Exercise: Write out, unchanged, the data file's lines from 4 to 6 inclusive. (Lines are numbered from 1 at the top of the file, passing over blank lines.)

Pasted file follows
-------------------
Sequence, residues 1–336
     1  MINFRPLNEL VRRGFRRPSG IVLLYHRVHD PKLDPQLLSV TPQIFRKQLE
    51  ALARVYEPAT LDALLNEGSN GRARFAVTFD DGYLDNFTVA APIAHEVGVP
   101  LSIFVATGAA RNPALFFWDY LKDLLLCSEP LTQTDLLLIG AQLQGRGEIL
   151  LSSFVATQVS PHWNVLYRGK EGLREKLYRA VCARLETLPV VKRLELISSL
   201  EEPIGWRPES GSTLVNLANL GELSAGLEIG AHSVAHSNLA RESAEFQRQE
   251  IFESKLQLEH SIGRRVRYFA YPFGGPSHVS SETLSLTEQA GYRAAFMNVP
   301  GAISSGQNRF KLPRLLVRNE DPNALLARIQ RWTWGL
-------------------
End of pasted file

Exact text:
   101  LSIFVATGAA RNPALFFWDY LKDLLLCSEP LTQTDLLLIG AQLQGRGEIL
   151  LSSFVATQVS PHWNVLYRGK EGLREKLYRA VCARLETLPV VKRLELISSL
   201  EEPIGWRPES GSTLVNLANL GELSAGLEIG AHSVAHSNLA RESAEFQRQE